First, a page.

The cost was that we got two levies doubled not one - health and income levies.
This is taxation with a vengeance.

Announcement of National Asset Management Agency is welcome but does not answer any of the big issues which are what will the price be and how will this affect bank capital, two issues which have bedevilled such schemes in other countries. There is still much to do.”

Department of Finance Budget April 2009 Documents (additional details on provisions and Minister's Speech

Extracts and summary also available here.

Economist Jim O'Leary says in the Irish Times: "The emerging budgetary position is probably worse than is commonly supposed. My calculations point to a budget deficit this year, before allowing for the effect of today’s measures, of about €24 billion. I’ve arrived at that figure by taking the Government’s €17 billion forecast of early January and adding to it a €5-6 billion tax shortfall and a spending overrun of €1-2 billion. I reckon the resultant deficit would be close to 15 per cent of GDP."

Irish GNP (Gross National Product) 1948 - 2010


Irish Mini/Emergency Budget 2009: Minister needs to pull a rabbit out of the hat on Tuesday - - Pat McArdle

IMI’s National Leadership Forum urges immediate global roadshow to enhance "Brand Ireland"; A case of putting the cart before the horse?

Irish Economy 2009: Ireland experiencing unprecedented contraction in output following earlier unsustainable construction-driven surge in activity

Cowen says tax revenues may fall to €32 billion in 2009 compared with €47.8 billion in 2007 - - expected deficit rises to €26 billion

Restrictive budget would kill off Irish economy - - Pat McArdle, Ulster Bank

New approach needed to fix broken Irish political system

The October 2008 Irish Budget for 2009, forecast a budget deficit of 6.5% of GDP (Gross Domestic Product) this year, compared with the euro rules limit of 3%.

At the time, credible economists dismissed the forecast and within weeks, after the publication of October tax returns, Finance Minister Brian Lenihan signalled, that a mini-budget could be required to tackle the worsening public finances.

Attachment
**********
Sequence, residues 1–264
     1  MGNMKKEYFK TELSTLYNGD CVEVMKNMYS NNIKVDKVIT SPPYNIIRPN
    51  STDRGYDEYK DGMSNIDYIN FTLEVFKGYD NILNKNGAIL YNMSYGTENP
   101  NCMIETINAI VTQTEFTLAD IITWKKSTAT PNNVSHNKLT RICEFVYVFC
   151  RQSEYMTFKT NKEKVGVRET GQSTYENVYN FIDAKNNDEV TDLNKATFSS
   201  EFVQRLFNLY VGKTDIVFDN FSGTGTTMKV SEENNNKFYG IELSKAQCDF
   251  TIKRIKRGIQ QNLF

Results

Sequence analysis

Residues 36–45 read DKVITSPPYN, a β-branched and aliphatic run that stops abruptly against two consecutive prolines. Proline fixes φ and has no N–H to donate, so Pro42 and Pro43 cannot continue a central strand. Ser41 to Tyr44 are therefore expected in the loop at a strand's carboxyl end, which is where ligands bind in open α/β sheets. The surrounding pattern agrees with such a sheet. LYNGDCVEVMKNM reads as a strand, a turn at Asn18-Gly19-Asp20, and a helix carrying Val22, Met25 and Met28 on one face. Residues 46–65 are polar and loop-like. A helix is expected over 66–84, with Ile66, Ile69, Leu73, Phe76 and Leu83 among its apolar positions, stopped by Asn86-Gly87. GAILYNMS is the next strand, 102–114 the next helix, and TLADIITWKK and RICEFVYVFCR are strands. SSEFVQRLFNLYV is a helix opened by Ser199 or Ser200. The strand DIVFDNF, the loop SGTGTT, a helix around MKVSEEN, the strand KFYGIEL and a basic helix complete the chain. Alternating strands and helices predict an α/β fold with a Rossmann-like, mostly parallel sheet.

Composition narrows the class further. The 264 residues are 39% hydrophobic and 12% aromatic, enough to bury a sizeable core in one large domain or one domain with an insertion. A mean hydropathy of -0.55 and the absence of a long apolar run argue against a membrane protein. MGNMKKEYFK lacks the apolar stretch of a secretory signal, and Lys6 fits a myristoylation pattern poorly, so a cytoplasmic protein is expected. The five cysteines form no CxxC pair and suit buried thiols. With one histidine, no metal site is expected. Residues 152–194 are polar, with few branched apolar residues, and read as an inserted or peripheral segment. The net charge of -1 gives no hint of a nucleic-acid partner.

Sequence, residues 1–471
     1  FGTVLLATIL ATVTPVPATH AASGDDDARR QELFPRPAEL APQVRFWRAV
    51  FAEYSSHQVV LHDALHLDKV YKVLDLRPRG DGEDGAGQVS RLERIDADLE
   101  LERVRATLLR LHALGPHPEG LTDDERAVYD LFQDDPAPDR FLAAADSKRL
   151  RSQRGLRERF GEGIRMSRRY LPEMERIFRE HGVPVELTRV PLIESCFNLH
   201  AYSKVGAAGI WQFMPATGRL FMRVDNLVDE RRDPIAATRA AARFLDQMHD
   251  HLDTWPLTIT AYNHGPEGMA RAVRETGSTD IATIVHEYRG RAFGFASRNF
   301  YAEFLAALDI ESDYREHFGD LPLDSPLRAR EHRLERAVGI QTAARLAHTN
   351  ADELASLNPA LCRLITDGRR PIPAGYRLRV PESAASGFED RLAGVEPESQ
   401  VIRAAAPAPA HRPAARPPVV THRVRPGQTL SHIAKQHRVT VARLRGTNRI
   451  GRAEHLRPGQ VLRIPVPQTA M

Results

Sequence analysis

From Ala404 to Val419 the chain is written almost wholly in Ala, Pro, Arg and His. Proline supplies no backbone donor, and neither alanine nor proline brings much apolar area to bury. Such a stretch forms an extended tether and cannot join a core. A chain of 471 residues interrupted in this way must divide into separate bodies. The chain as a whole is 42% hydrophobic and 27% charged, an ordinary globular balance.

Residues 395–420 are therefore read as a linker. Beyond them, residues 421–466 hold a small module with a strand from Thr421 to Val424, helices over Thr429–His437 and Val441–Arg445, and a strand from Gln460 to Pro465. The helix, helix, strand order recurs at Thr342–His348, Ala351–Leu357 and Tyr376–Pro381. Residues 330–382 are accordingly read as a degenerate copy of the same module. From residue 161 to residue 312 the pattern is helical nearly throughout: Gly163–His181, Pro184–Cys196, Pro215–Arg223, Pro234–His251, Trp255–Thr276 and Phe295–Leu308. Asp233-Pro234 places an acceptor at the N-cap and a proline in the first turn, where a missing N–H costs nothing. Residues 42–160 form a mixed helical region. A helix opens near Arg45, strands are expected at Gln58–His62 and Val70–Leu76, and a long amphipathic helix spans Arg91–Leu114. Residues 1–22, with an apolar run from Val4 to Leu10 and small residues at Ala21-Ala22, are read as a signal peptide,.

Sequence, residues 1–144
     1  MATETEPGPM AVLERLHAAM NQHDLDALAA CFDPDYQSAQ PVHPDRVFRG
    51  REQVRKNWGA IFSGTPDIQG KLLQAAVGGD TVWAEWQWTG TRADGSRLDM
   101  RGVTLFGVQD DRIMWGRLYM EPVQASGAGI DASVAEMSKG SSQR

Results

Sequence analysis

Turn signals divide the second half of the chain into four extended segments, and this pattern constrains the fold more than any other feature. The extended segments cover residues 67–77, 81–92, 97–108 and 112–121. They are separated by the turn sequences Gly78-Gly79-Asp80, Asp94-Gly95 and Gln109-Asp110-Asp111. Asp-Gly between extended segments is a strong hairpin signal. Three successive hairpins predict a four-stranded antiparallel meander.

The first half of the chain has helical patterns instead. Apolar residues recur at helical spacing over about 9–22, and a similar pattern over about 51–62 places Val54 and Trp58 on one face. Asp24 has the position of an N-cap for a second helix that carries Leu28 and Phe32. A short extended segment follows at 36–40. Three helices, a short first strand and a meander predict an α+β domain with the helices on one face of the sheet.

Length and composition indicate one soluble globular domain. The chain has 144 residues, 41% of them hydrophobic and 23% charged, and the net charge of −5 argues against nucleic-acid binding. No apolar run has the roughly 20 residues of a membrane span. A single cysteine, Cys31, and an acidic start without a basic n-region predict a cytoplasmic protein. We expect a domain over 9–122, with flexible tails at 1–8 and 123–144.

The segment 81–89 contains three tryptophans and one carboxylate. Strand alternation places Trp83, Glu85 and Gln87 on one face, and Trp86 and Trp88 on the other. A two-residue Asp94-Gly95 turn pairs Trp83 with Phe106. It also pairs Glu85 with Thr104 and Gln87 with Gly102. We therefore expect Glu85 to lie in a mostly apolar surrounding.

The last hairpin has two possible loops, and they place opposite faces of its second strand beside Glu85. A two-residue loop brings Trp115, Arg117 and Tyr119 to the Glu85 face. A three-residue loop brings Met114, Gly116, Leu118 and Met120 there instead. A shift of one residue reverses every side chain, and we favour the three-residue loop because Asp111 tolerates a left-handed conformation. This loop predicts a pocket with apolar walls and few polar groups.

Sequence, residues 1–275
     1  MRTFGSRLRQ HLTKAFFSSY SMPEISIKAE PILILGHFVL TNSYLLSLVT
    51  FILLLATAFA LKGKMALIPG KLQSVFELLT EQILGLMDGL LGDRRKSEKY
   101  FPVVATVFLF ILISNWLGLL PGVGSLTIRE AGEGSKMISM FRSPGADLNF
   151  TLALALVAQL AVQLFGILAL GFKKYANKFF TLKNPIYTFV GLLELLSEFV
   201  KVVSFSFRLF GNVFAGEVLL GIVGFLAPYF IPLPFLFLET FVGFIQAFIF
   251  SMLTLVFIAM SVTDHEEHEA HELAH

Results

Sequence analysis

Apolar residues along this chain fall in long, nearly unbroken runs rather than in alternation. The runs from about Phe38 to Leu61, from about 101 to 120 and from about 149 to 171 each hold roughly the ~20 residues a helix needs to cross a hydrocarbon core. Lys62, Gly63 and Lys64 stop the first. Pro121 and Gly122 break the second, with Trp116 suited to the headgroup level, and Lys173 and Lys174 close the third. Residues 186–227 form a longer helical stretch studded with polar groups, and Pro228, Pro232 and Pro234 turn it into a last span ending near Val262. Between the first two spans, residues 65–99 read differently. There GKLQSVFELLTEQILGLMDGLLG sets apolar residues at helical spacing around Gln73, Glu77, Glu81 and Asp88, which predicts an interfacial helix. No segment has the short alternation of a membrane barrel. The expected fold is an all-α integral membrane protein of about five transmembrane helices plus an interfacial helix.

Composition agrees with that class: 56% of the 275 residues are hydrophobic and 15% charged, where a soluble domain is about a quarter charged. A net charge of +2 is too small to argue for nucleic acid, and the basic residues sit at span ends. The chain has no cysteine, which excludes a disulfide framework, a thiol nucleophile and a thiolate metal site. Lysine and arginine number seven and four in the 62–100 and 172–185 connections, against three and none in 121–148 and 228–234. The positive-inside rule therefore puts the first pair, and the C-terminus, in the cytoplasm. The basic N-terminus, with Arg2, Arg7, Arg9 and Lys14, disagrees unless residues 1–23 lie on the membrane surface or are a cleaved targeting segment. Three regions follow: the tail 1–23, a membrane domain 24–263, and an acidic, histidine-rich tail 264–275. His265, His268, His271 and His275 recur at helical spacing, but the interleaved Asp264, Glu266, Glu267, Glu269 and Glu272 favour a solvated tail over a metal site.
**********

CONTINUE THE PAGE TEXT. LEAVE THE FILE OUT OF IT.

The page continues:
Ulster Bank economists Pat McArdle and Lynsey Clemenger said in a March report, that following an estimated contraction of 2.3% in 2008, GNP is forecast to fall by 7.9% in 2009. GNP is their preferred measure of growth because it excludes profits of multinationals which accrue to non-residents, and includes profits earned abroad by Irish residents. They expect GNP to fall by a further 3.4% in 2010, as non-residential investment weakens further and ongoing job losses keep spending subdued. Their forecast is a three-year recession, with GNP set to fall by a total of almost 14% over the period 2008-2010.

"This week politics will be on trial in Ireland in a manner that has not been seen since the civil war.

Now, as then, the verdict of the international markets and the people will have real implications for the existence of the State.

If they mess this one up -- and the barometer is very delicately poised -- the very legitimacy of FF, FG and Labour will also collapse, for if the politicians fail the people next week the streets will be on fire by the autumn and it will be hard to condemn the fire-starters.

Since they have not been in government, Fine Gael and Labour may believe it unfair putting them into the same dock as Fianna Fail.

However, the Olympian levels of stupidity and sloth which has seen FF, the social partners and our top mandarins wreck the country, mean we can no longer afford the luxury of ignoring parties who could be in power before the summer.

Of course, in a real sense the trial has actually started.

So far it has gone badly for the defence because the indictment is a simple one.

A corrupt plutocracy of bankers, builders and inept regulators which turned a prosperous exporting economy into the Wild West of Europe has left us at the very gates of a debtors' gaol for countries that go bad.

We are, as of now, going to take in €34bn (if we are lucky) of tax revenue, spending €21bn of that on social welfare alone and that's before we get to the civil service pay and the rest of the €60bn plus apparatus of government.

As the real economy seizes up like a car without oil, by the close of the year half a million of our best and brightest citizens are poised to experience the financial and psychological strain of being unemployed."

 - - John Drennan, Sunday Independent April 05, 2009

Unemployment is set to hit 14% by the end of 2009, up from 7.7% in 2008, and the highest rate since 1989.

  • The government deficit will rise to 11% of GDP this year, the largest in the Eurozone.